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Old 2019-10-17, 15:03   #2
Dr Sardonicus
 
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Feb 2017
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Quote:
Originally Posted by miket View Post
Let n be an odd positive integer, Let o=ordn2 be the order of 2 modulo n and m the period of 1/n, k is number of distinct odd residues contained in set {2^1,2^2,...,2^{n−1}} modulo n.

If odd part of o,m and k is 1 and k divide n-1, then n is item in the sequence 17, 257, 641, 65537, ….
<snip>
First, I don't understand why n = 3 isn't on the list.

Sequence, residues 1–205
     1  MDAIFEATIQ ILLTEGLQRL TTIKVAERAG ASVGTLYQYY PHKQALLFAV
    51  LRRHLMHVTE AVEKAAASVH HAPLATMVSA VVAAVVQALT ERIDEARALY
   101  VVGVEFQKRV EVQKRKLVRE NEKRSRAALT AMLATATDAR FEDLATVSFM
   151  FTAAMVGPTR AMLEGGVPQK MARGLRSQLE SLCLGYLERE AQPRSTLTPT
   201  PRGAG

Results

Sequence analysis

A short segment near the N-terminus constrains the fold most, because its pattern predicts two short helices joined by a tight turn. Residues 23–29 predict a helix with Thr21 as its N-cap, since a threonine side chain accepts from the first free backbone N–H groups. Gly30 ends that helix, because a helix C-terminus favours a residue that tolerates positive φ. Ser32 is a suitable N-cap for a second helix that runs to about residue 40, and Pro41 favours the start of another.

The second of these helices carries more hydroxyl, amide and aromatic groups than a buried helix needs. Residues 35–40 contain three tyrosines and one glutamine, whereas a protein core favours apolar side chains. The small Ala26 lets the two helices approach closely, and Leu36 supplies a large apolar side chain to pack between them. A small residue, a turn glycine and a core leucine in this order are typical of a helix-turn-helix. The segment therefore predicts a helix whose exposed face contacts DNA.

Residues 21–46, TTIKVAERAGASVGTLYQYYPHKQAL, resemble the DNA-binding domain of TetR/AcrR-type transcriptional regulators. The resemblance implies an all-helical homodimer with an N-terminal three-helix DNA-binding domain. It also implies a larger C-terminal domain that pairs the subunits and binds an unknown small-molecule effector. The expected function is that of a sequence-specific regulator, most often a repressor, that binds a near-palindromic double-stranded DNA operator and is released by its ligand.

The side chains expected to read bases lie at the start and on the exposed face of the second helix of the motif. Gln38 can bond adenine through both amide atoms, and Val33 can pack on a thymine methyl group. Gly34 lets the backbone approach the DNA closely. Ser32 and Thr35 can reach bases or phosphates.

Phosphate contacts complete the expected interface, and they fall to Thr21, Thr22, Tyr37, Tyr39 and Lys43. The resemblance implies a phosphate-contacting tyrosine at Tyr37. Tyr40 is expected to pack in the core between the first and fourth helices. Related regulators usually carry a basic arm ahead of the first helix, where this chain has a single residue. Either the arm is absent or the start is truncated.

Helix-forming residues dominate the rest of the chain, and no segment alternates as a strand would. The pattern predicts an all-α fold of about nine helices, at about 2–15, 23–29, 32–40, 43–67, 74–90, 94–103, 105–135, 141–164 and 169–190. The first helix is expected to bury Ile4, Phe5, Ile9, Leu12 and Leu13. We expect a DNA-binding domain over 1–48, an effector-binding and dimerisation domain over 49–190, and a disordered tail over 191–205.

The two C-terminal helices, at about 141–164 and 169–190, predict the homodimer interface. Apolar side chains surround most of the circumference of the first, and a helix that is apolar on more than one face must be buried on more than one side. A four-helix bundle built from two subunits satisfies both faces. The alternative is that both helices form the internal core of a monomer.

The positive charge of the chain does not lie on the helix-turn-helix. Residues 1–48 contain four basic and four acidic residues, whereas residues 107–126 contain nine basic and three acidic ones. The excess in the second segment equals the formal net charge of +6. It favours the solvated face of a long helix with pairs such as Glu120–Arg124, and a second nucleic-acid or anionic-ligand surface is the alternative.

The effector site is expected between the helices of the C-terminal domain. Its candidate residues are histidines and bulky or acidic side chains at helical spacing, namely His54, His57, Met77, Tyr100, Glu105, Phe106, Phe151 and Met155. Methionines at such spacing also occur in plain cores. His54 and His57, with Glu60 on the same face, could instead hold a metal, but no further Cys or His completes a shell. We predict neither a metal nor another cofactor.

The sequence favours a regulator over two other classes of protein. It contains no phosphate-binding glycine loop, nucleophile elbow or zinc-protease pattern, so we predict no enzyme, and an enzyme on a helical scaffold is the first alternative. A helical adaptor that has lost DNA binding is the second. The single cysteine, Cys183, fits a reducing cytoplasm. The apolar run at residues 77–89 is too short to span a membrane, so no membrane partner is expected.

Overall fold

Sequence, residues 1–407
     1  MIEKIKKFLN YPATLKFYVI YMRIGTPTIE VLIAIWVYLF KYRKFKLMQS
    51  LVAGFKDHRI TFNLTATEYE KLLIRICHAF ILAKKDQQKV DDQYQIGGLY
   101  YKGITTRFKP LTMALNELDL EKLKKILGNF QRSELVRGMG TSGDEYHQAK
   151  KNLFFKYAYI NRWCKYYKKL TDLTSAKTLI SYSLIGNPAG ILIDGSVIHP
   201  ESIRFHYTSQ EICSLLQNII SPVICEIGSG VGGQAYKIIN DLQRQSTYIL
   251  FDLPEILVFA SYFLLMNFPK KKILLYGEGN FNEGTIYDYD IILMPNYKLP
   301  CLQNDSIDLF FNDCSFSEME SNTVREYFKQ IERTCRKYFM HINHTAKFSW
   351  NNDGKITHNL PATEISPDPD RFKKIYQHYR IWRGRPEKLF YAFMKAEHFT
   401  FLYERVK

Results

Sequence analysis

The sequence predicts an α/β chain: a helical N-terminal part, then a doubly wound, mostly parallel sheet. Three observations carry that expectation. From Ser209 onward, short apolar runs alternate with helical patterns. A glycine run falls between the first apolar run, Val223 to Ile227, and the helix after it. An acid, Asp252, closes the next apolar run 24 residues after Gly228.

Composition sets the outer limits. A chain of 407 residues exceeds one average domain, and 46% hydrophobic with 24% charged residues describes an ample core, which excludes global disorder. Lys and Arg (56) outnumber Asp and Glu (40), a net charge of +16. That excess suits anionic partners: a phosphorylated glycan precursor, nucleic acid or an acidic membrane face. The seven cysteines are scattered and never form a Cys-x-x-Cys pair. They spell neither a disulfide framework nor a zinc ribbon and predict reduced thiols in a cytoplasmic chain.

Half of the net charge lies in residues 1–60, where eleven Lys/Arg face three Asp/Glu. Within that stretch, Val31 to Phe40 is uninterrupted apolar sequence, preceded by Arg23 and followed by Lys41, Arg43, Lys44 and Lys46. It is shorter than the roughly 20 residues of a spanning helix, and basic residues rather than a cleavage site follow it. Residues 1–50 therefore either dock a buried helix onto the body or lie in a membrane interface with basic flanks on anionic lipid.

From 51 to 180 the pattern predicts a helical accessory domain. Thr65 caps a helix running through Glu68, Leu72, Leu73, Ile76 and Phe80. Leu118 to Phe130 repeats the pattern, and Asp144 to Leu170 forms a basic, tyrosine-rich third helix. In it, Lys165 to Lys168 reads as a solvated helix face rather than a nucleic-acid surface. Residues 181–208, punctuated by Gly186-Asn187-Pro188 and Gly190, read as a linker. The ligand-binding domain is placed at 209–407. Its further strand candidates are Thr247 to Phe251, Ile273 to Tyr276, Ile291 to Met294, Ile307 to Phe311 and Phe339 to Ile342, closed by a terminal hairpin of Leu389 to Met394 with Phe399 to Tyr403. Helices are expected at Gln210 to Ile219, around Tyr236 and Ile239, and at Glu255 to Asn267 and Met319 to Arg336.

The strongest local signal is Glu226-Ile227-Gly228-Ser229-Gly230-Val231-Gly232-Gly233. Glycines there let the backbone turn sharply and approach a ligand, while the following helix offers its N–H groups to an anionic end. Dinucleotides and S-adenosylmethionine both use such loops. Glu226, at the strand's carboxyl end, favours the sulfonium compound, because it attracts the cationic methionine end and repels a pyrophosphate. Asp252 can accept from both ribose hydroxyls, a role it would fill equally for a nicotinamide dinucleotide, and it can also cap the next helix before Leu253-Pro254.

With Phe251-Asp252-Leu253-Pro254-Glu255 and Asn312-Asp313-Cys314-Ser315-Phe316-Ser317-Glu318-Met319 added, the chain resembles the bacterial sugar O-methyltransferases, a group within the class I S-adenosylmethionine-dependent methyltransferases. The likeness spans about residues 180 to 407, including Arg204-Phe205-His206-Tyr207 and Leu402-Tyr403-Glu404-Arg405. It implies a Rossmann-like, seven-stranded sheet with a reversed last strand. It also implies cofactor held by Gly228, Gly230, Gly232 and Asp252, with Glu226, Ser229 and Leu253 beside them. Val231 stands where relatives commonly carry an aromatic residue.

Second, the "period" of 1/n apparently is to the base ten. If this period is a power of 2, then the multiplicative order of 10 (ten) (mod n) must also be a power of 2 (so 5 can not divide n), and the multiplicative order of 5 (mod n) must therefore also be a power of 2. The multiplicative orders may, of course, be different powers of 2.

Third, if n is prime, and the multiplicative order o > 1 of 2 (mod n) is even, then exactly half the representatives of {1, 2, ... 2^(o-1) (mod n)} in the interval [1,n-1] -- that is, o/2 of them -- are odd. I leave the proof as an exercise for the reader.
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